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Dr. John Estes Recognized for Career Achievements in Remote Sensing
Released: 12/7/1999

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Dr. John E. Estes, professor of geography at the University of California, Santa Barbara, will be awarded the 1999 William T. Pecora Award in recognition of his outstanding contributions as a researcher and as an educator in the use of remote sensing and geographic information systems to study the earth.

Estes will receive the award on December 7, 1999, in Denver, Colo., at the opening session of the joint meeting of the 14th William T. Pecora Memorial Remote Sensing Symposium and the Land Satellite Information in the Next Decade III Conference.

Established in 1974 to honor the memory of Dr. William T. Pecora, a former U.S. Geological Survey (USGS) director and Department of the Interior (DOI) undersecretary, the award is presented annually to recognize outstanding contributions by individuals or groups toward the understanding of the earth by means of remote sensing. It is sponsored jointly by the DOI and the National Aeronautics and Space Administration (NASA). This year’s award will be presented jointly by Dr. Thomas J. Casadevall, Deputy Director, USGS, representing the DOI, and Dr. Nancy Maynard, Director, Applications and Outreach Division, NASA Office of Earth Science. Estes is an internationally recognized leader in developing and applying remote sensing and geographic information systems (GIS) tools for basic and applied earth sciences. His research has helped to shift the focus of conservation biology from single species to ecosystems, and from site-specific studies using traditional methods to a landscape approach using the modern capabilities of remote sensing and GIS. He has made significant contributions to mapping and validating land use and land cover, analyzing biodiversity, modeling water demand, and detecting marine oil pollution.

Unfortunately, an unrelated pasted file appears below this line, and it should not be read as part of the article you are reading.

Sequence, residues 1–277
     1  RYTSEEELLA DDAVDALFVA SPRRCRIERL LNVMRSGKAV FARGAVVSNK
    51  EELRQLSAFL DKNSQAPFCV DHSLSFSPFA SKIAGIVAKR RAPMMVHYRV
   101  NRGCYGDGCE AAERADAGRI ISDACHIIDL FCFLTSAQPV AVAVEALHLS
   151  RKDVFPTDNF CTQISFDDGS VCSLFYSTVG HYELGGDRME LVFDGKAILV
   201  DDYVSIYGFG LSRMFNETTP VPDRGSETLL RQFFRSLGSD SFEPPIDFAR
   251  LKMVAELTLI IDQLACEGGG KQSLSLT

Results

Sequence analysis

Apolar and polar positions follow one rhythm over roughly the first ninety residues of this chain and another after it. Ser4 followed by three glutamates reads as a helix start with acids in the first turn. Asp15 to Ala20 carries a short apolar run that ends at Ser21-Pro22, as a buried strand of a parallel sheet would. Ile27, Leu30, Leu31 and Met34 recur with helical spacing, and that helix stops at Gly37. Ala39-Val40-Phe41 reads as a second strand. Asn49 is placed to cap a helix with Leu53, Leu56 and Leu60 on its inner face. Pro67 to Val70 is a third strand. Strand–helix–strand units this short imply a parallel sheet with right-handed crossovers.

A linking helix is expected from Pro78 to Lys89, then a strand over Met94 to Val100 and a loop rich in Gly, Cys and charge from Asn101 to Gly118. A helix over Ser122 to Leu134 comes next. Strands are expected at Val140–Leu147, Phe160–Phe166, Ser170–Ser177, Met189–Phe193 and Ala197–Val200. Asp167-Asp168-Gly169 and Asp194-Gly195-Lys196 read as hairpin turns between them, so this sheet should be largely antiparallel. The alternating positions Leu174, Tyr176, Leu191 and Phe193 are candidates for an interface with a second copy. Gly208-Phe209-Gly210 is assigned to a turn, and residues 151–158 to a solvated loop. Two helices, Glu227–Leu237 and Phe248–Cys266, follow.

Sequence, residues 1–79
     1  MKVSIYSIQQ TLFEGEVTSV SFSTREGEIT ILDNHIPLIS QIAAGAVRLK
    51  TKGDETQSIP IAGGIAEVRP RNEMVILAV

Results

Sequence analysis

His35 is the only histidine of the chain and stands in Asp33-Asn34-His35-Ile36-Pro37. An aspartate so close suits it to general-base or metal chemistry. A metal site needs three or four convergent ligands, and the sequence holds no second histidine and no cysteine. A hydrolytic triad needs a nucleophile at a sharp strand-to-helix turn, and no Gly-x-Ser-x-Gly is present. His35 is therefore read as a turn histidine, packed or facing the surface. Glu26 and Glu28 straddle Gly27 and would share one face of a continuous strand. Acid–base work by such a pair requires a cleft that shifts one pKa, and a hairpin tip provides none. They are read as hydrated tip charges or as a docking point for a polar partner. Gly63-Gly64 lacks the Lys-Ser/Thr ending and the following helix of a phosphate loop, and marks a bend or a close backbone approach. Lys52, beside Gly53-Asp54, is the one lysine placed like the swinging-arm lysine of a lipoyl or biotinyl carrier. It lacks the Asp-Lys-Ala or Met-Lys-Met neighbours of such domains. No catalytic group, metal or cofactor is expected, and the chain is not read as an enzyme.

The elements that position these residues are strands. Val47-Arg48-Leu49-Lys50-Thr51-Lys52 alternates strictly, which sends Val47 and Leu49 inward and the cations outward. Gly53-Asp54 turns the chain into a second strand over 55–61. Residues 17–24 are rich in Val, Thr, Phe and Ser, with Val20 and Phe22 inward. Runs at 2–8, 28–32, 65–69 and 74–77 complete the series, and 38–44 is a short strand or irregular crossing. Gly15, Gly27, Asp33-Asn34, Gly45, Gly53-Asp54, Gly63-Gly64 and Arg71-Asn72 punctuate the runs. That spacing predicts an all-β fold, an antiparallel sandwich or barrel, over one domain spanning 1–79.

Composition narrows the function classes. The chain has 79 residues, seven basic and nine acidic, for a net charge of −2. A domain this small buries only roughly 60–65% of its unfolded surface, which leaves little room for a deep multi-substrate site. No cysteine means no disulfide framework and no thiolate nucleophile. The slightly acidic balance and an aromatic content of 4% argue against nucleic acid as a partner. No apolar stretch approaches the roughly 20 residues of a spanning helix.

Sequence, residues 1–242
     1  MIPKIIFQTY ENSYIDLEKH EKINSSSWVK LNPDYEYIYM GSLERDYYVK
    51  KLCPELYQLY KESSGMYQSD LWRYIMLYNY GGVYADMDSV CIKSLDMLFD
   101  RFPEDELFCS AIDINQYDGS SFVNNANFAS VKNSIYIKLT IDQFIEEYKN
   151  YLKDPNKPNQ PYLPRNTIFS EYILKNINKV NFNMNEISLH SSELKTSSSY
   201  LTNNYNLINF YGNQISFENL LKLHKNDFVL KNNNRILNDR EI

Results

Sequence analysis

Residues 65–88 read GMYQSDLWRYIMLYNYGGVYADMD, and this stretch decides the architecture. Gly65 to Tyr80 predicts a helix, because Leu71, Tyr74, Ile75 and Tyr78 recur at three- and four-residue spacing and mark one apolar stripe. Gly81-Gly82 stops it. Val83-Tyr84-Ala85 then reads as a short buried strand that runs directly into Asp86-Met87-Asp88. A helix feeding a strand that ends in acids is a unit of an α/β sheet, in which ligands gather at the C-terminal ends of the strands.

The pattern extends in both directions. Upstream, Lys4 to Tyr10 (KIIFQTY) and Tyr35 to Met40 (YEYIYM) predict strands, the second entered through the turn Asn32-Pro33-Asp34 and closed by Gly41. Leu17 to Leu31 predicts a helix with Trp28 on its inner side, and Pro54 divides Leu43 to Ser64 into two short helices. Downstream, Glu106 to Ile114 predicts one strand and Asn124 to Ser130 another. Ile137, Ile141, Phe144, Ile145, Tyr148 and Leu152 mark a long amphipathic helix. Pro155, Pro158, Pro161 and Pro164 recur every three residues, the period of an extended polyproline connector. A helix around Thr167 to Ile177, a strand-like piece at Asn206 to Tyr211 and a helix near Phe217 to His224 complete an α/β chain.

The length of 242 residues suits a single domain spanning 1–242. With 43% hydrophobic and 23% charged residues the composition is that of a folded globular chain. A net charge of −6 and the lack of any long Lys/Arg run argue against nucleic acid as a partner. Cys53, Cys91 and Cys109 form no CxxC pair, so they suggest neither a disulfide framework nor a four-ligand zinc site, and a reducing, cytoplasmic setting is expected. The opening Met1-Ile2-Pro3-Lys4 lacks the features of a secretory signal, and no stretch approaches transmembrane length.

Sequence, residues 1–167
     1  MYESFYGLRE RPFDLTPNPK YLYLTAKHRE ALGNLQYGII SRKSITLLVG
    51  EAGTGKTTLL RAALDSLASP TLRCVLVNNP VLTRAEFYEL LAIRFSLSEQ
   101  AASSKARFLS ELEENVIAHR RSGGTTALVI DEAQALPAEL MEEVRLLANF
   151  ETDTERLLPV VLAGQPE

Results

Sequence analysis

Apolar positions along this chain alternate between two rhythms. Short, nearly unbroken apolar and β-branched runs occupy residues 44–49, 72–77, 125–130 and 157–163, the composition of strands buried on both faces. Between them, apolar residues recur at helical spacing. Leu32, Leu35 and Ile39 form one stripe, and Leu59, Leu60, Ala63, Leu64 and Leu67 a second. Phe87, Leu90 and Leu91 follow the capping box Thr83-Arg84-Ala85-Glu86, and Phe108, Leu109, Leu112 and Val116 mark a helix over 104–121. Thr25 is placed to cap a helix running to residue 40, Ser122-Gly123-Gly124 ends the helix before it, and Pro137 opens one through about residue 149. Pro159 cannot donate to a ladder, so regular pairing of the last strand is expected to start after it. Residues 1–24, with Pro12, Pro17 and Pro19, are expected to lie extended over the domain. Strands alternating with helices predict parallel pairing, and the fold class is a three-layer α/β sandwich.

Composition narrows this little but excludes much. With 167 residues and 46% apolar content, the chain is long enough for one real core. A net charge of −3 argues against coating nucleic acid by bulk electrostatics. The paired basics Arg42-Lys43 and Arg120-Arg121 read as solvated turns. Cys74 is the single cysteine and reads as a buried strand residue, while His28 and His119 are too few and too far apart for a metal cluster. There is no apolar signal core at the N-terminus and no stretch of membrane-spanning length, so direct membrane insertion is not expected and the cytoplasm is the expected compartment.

Estes joined the faculty of the geography department at the University of California, Santa Barbara, in 1969 and served as the department chairman. He is the director of the department’s remote sensing research unit. He has an exceptional ability to lead and guide graduate students, rather than direct them, in pursuit of their education and research objectives. More than 50 of his students have received degrees and are now employed in prominent positions in various professional fields. His strength in teaching both undergraduate and graduate students lies in his thorough knowledge of his subject, his ability to organize and present complex materials, his sense of humor, and his sincere interest in the well-being of his students.

Estes also has made significant contributions to the remote sensing and GIS communities on the national and international levels. As a visiting scientist with the USGS National Mapping Program from 1992 to 1995, he brought a combination of technical expertise and vision for the future. He helped formulate policies affecting the nation’s current and future earth observation programs. He assisted in negotiating memoranda of understanding between the USGS and NASA on matters concerning the launch of the Landsat 7 and Earth Observing System Terra satellite systems. He also provided critical programmatic guidance in establishing and nurturing the United Nations Environment Programme’s Global Resource Information Database facility located at the USGS EROS Data Center in Sioux Falls, South Dakota..

Estes currently is Chair of the International Steering Committee for Global Mapping and serves on NASA’s Space Station Science Utilization Advisory Committee and the Earth System Science and Applications Advisory Committee, as well as the National Academy of Sciences’ Space Applications Board and Mapping Science Committee.


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